Capital Punishment

Article excerpt

Chair of FSB Wales Janet Jones explains why small businesses have most to lose from the Government's plans for a single rate of capital gains tax THE FSB was quick to voice its anger following Alistair Darling's first Pre-Budget Report (PBR) in October. The FSB made it clear that this wielded another blow against the small business owner, and was likened to using a sledgehammer to crack a nut.

Capital gains tax (CGT) is to be increased from 10% to 18%. Small business is suffering. Again.

This was a standardisation move from the Government in what can only loosely be called an attempt at closing the private equity loophole.

And yet, for some unfathomable reason, the army of experts at the Treasury had failed catastrophically to devise a system whereby the real targets, the private equity players, were made to pay their share.

This is despite having carried out a six-month review of the tax treatment of private equity groups. Instead, yet again, the small business owner has to bear the brunt for the few big players at the top.

What does this mean in everyday terms? Well, the implications are many, not least that if you sell up you will lose 18% of the proceeds - a direct enough consequence by anyone's standard. The family-run businesses lose out after years of hard work.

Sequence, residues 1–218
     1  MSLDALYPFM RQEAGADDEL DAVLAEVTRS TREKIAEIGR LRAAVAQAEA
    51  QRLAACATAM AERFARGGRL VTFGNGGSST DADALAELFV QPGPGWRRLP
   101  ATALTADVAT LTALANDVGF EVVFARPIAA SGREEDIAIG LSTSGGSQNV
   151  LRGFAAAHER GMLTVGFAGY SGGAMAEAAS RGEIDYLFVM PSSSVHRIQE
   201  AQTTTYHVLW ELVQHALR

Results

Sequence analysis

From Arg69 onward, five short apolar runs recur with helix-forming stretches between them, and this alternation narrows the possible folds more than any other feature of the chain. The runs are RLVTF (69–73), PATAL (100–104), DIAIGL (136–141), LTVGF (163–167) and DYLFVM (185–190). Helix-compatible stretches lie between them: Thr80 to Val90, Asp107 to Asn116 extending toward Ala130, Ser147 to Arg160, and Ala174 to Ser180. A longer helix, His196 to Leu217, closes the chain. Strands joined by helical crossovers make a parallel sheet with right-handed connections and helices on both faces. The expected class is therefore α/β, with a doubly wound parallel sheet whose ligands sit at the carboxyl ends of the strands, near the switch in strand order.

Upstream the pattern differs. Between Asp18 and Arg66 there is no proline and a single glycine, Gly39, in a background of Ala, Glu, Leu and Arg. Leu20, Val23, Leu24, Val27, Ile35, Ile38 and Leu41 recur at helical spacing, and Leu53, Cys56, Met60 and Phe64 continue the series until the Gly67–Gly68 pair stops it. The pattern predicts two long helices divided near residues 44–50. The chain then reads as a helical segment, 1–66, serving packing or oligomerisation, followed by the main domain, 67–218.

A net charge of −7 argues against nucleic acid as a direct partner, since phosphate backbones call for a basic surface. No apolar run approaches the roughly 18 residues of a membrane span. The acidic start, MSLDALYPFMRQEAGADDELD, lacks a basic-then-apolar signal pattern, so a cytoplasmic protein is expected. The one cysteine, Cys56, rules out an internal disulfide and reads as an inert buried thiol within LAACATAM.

The FSB has heard of many cases in which small business owners are now looking to sell up before the changes come into effect.

These include a motor garage owner who has run his business for 21 years and who wanted to sell up and use the proceeds as a pension. Yet accountants have informed him that, if the sale goes through after April 2008, he will incur an additional capital tax liability of pounds 42,000.

Once again, the Government has failed to realise the full implications of its diktats.

In essence, the new rate still leaves relatively unscathed the elite of multi-millionaires, compared with the hard-working small business owner. But not just that. Anyone who invests in small businesses will also be hit, and the move consequently threatens those who invest start-up capital for small businesses and budding entrepreneurs. …